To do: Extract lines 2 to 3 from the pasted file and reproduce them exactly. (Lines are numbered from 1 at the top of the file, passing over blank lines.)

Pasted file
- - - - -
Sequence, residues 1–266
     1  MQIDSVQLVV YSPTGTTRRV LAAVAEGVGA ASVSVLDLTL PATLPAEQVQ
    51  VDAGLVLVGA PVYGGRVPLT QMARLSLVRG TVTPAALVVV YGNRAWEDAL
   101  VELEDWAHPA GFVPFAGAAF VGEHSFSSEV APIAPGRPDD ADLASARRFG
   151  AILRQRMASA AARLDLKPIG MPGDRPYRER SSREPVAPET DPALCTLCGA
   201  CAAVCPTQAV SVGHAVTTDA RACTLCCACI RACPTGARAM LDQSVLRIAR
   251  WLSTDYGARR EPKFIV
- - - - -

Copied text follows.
     1  MQIDSVQLVV YSPTGTTRRV LAAVAEGVGA ASVSVLDLTL PATLPAEQVQ
    51  VDAGLVLVGA PVYGGRVPLT QMARLSLVRG TVTPAALVVV YGNRAWEDAL